Movie Review: Fright Night

After his film re-debut in the comedy “Horrible Bosses” (which I enjoyed very much), Colin Farrell  comes back with a vengeance in “Fright Night” in 3D, a remake of the 1985 horror film. If you haven’t seen the 80s film don’t fret; at 15 years old back then I didn’t either, and this is probably a good thing.  This version is re-written by Marti Noxon and directed by Craig Gillespie with a lighter attitude to fit in with today’s generation.


Initially, I thought this film was screening too early in the fall season (or in the latter part of summer) to garner any true following. But, hey, if Starbucks can start rolling out their seasonal Pumpkin Spiced Latte in August, then watching a horror film in an air-conditioned theater when it’s 90 degrees out will do just fine.

At first glance, I was lured by the strong cast of “Fright Night”. Besides Farrell and Imogen Poots’ convincing American accents, Golden Globe and Academy Award nominee Toni Collette also changes her Australian tone for this film.  However, once the screening was over, I thought the plot of the film was weak – and therein lays the problem: Thinking. 

Surprisingly, this version of the horror classic does a fair job as a stand-alone movie and as one last lots-of-make-up-and-cheap-thrills summer flick with Farrell clearly heading a pack of cool young actors likely to please an ample age-range of movie goers.  A cameo by Chris Sarandon, one of the original film’s cast members, is thrown in as a nod to the inspiration for the 2011 redo. Without a doubt, Jerry, the hot, blood-thirsty night creature played by Collin Farrell in the updated version of “Fright Night,” might well be the only reason to go see the tepid 3D flick.

Unlike that ‘other’ vampire who swoons the ladies, in “Fright Night” the less googly-eyed and grabby Jerry swoops down to feast on an entire neighborhood. But Charlie (Anton Yeltchin) a nerdy high school kid, catches on to the night crawler and reluctantly sets out to prove that his hunky new neighbor isn’t what he seems; Jerry has a dark ulterior motive for taking up residence in the Las Vegas suburb – a perfect cover for the eccentric dweller.

Besides a sprinkle of clever lines throughout the film, the unlikely pair of high school sweethearts-turned-vampire-hunters, Charlie ( Anton Yeltchin) and Amy (Imogen Poots), give the high-school set in the audience some feel-good moments raising hopes for nerds everywhere that they too can land a pretty girl.  Ed (“Superbad’s” Christopher Mintz-Plasse), Charlie’s vampire-obsessed geeky cohort, is seething about being abandoned by his former BFF  decides to busy himself by doing double duty; fighting off school bullies (Dave Franco and Reid Ewing) and sniffing out the starving vampire.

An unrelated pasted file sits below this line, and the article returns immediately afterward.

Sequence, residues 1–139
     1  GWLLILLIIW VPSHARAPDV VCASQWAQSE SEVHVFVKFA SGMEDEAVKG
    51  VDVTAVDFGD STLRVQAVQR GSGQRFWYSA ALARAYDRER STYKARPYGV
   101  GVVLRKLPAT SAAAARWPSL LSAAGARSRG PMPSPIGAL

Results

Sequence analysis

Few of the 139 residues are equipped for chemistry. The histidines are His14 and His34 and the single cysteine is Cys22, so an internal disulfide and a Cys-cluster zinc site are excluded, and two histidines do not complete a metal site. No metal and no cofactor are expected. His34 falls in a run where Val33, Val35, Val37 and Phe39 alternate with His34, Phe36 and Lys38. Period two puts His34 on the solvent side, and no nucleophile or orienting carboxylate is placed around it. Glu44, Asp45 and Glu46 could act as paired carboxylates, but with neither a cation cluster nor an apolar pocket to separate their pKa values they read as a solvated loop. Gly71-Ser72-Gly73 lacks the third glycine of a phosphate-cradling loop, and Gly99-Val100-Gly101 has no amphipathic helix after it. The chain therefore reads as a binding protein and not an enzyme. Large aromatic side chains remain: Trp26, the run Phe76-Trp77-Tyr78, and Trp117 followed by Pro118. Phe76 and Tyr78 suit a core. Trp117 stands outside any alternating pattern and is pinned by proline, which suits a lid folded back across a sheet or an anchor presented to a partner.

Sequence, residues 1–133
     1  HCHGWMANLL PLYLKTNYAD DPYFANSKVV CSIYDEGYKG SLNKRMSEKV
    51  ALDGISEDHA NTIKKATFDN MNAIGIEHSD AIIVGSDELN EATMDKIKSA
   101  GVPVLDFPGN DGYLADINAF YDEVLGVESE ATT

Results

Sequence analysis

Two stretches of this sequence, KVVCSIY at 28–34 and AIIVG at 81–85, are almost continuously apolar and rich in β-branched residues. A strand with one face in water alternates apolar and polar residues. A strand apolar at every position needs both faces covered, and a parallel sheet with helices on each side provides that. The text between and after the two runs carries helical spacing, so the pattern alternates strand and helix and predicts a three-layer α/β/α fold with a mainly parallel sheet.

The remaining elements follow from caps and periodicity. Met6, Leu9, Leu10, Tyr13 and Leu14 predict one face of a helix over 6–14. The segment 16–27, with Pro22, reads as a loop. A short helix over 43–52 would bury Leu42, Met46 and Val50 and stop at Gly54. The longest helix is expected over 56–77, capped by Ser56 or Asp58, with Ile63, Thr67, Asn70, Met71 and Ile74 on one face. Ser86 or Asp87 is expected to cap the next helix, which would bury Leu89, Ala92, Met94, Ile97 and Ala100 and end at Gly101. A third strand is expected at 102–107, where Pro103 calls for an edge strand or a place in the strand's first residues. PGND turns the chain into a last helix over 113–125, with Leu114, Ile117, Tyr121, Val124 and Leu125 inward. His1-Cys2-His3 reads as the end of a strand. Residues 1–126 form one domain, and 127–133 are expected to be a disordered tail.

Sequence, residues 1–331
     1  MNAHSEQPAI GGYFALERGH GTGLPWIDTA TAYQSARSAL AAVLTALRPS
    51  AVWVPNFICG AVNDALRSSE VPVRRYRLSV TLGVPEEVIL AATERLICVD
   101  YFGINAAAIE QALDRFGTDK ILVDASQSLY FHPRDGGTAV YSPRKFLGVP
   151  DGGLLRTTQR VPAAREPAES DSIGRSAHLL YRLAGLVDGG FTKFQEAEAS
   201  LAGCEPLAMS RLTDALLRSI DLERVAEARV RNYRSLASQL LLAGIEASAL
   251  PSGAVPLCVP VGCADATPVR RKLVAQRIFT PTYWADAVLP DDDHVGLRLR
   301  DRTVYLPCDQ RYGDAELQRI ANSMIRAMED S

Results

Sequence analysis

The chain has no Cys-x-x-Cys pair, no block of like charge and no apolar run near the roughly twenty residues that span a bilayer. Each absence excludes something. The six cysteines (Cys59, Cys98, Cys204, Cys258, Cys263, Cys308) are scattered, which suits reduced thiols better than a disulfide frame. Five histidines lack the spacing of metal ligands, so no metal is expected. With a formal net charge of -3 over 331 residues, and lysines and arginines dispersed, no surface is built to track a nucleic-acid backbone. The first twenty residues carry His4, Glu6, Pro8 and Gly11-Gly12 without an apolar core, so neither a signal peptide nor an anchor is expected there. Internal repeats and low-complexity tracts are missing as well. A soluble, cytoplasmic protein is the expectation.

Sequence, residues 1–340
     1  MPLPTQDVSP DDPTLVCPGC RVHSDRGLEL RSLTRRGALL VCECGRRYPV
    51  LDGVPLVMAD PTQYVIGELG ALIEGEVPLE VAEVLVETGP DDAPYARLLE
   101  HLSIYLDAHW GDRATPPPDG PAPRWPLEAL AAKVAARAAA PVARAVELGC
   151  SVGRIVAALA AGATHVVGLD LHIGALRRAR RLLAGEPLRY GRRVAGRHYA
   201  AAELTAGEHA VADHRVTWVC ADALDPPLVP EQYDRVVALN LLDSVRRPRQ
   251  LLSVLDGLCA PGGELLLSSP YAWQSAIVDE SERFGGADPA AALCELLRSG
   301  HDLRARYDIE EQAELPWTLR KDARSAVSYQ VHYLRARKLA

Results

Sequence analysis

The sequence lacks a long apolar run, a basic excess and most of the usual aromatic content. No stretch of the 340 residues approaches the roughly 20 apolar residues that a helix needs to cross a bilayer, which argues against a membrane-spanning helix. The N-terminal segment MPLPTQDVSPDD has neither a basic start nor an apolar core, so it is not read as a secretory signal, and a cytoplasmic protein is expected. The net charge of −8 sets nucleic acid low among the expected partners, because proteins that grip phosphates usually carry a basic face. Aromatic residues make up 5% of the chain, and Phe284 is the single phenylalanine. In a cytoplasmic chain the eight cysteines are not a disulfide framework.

Peter Vincent (David Tennant) is a dark magician and vampire expert sought out by the vampire-chasers to help kill off the growing human bat community. I liked Tennant’s character, which resembles Criss Angel’s Vegas personality, and delivers a Russell Brand type of performance — he manages to keep things light until the heavy fighting takes over the entire second half of the film.

“Fright Night” has more than a few funny moments, and between fits and starts once the film gets going (about 45 minutes into it), the fun begins but doesn’t last long enough. The usual scary movie tactics of dumb move after dumb move take us on an ever increasing level of frustration as the idiocy of the protagonists weaves its way through to pit good against evil.  Though I’m not a huge fan of wearing 3D glasses (on top of my prescription ones), or paying extra for this gimmick, the real 3D effects in “Fright Night” aren’t overly cumbersome or cheap; they come at you at the right moments which incidentally are few and far between.

“Fright Night” might not be screening at the right time of year as a summer blockbuster, and could have benefited from the Halloween season as a box office propeller. But, with Colin Farrell in 3D at the helm, this frighteningly unexciting film might just be this summer’s last don’t-think-much-and-enjoy movie for those millions of teenagers scared to go back to high school.


  1. Anonymous says:

    is this a horror movie

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